The King Of Diamonds

After 60 years on tour, Eddie `The King' Feigner is still holding court on the softball field.

July 25, 2005|By Jonathan Pitts | Jonathan Pitts,SUN STAFF

They started arriving two hours early -- grownups and geriatrics, toddlers and teens -- settling on blankets and in beach chairs, in whatever shade they could find on a steamy afternoon.

By 5:30, nearly 400 people covered the hillsides surrounding the ball field. As game time neared, even the hotshot local squad, the Violetville All-Stars, seemed a bit nervous, gingerly tossing softballs back and forth on the field to warm up.

It seemed like most of Violetville, a small corner of Southwest Baltimore, was there for the big game. They were waiting to see a living legend.

A few were old enough to have seen Eddie "The King" Feigner in his prime. Feigner (pronounced Fay-ner) once used his 104-mph underhand fastball to strike out baseball legends Brooks Robinson, Willie Mays and Harmon Killebrew in a single inning. In the 1970s, magazines like Sports Illustrated featured his unhittable behind-the-back and between-the-legs pitches. He guest-starred on The CBS Sports Spectacular (bashing a triple with a tiny, 22-inch bat), I've Got A Secret (fanning host Garry Moore on three pitches) and The Tonight Show (knocking a cigar out of Johnny Carson's mouth).

As chief attraction and ringmaster of "The King and His Court," a four-player barnstorming team he founded in 1946, Feigner has pitched in an estimated 11,000 charity exhibition games, fanned more than 141,000 hitters (nearly 9,000 while blindfolded), visited 50 states and 110 countries, and entertained about 20 million fans.

So few could begrudge the King his late appearance in Baltimore on a recent Sunday, especially since this year's tour is probably his last. At 6 p.m., heads turned as a white Lincoln Town Car, festooned with billowing American flags, rolled up along the right field line and came to a stop. The current players for the King and His Court, decked out in star-spangled red, white and blue, emerged to help Feigner, now 80 and using a wheelchair, from the car.

They rolled him into the shade near the backstop. As they took the field for their warm-ups, he grabbed a microphone, ready to assume the job he has held for the past several years -- emcee and straight man for the act often called softball's Harlem Globetrotters.

He can no longer pitch, but Eddie Feigner still rules his own strain of Americana, one that could soon go the way of tail fins, drive-ins and three-fingered baseball gloves.

If a man is to be judged by the company he keeps, call Eddie Feigner a late 20th-century American legend. Born an orphan in Walla Walla, Wash., he grew up to join the Marines as a teen, only to realize he could whip a softball like an underhanded Bob Feller. For 60 years, the career he fashioned from that skill has brought fame, a chance to travel the world and the acquaintance of celebrities from Ted Williams, Johnny Unitas and Pete Rose to Tommy Dorsey, Gerald Ford and the San Diego Chicken.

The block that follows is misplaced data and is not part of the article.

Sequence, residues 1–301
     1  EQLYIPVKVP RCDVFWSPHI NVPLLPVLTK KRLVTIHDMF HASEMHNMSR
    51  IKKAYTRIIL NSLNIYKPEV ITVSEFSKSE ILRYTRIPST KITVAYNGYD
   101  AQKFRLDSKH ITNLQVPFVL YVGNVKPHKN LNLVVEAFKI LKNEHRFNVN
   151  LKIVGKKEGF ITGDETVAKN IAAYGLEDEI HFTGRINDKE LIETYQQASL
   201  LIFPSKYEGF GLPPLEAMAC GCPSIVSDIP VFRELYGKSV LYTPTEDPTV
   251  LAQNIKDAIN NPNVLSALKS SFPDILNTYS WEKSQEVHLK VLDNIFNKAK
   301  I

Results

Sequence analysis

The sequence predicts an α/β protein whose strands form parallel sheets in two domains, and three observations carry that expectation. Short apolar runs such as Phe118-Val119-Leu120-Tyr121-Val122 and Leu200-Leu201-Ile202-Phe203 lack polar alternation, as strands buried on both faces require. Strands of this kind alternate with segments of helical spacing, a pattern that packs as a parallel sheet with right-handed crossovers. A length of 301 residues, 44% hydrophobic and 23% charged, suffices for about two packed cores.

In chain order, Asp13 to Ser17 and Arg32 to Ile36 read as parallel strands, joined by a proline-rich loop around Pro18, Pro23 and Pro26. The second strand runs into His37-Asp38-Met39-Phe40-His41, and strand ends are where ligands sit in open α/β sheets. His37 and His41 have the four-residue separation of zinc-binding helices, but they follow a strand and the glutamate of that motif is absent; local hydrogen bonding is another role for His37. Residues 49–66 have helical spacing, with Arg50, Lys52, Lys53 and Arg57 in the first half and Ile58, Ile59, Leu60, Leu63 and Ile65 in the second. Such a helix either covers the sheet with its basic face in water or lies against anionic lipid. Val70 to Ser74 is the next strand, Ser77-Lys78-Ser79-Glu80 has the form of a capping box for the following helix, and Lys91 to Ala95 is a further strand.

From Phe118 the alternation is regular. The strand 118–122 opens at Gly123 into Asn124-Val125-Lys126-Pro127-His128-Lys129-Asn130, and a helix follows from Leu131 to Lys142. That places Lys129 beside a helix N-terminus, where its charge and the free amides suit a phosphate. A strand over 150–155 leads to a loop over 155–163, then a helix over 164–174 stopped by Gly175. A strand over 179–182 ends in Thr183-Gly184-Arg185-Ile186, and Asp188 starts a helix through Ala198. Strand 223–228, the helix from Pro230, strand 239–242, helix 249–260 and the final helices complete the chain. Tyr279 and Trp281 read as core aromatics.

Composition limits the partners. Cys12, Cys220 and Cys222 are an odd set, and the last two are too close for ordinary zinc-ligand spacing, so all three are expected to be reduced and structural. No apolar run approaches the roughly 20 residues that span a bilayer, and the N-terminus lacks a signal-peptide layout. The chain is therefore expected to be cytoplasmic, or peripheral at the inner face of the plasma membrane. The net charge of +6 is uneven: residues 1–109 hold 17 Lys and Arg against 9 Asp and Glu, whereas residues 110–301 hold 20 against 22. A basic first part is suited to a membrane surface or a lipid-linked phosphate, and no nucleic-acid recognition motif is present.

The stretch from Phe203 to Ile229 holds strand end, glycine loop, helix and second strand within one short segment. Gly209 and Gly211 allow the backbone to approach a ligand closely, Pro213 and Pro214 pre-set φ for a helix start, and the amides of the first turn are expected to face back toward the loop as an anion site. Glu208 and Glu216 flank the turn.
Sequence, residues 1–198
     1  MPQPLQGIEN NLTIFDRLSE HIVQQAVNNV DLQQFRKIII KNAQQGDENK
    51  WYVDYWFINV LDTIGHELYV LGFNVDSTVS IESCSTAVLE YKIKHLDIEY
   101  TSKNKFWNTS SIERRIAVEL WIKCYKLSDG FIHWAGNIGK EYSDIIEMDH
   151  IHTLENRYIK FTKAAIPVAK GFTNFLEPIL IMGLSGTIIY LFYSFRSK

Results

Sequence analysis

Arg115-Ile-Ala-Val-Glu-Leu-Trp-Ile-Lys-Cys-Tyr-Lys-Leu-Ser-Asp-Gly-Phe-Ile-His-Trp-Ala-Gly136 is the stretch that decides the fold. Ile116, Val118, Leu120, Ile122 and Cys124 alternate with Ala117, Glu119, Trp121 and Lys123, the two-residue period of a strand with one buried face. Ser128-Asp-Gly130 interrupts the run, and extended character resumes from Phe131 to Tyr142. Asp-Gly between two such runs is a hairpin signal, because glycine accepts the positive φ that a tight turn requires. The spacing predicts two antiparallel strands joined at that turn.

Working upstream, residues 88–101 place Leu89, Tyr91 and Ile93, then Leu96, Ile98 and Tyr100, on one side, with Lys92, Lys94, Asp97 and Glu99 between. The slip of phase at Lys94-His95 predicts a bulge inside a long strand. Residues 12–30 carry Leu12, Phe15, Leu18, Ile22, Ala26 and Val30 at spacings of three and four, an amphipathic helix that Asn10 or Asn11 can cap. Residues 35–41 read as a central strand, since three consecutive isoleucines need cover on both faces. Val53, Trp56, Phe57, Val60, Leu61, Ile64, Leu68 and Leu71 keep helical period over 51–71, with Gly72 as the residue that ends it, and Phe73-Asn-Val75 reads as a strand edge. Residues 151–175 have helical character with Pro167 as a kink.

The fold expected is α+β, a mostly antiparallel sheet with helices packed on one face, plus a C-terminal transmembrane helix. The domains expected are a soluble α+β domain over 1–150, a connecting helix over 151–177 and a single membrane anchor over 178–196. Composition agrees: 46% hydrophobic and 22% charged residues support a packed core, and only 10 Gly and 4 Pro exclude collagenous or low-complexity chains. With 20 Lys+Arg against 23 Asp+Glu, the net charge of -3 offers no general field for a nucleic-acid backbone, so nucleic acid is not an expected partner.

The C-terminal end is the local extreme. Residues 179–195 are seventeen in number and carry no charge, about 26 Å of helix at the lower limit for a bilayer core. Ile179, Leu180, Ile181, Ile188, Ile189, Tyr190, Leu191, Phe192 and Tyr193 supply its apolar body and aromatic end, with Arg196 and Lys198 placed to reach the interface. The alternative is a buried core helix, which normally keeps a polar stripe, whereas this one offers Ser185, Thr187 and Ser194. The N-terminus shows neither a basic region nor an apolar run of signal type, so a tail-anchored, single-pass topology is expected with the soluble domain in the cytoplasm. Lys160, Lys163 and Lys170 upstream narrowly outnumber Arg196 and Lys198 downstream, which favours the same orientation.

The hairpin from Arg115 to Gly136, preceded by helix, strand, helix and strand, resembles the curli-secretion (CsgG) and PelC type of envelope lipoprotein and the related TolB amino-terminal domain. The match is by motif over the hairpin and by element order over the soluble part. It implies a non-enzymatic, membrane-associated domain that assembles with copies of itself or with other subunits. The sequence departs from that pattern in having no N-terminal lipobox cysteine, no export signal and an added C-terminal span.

"The King has friends everywhere," says Anne Marie Feigner, his wife, business manager and first baseman. (Yes, even Feigner's wife uses his title; he, in turn, has dubbed her "The Queen.") "When they hear he's still around and doing what he's doing, they can't believe it, and they come out to say hello. I can't think of many people he hasn't met and gotten to know over the years."

The King met Anne Marie, 46, a former softball star, when he hired her to sell his autobiography, From an Orphan to a King ("It's not available in stores," she says.)

She also became the first female player for the Court, not to mention his spouse, his tireless historian and chief advocate. She rattles off his mythical feats from memory as if she'd seen them herself.

The way he pitched to Elvis Presley in Mississippi when he was just a boy in the local choir, only to remain a lifelong friend of "the other King." The way he'd face any big-league hitter but his friend Ted Williams, for fear he'd make Williams, "the greatest hitter of all time," look bad. The way he fanned a young Sen. John F. Kennedy in the late 1950s, and noticed, over the years to come, that no politician who batted against him -- including five presidents -- ever lost his next election.

"They always want him in an election year," says Anne Marie, who shares the King canon, as she's doing on much of this trip, when he gets too tired.

More important, as the King traveled more than 4 million miles, playing 200-plus exhibitions a year, he met regular folks and shared a story of hope.

"The King never forgot he was born an orphan," says Anne Marie, who wears the Court's uniform No. 77. "All of us in the Court were born poor, and we don't forget. That's why we do benefits for homeless shelters and other charities.

"Look at these people," she says, nodding toward the crowded hillsides. "Violetville, Arbutus -- this is the real America, hard-working people who raise their kids and make good things happen. We want to make their lives a little better. They deserve it."

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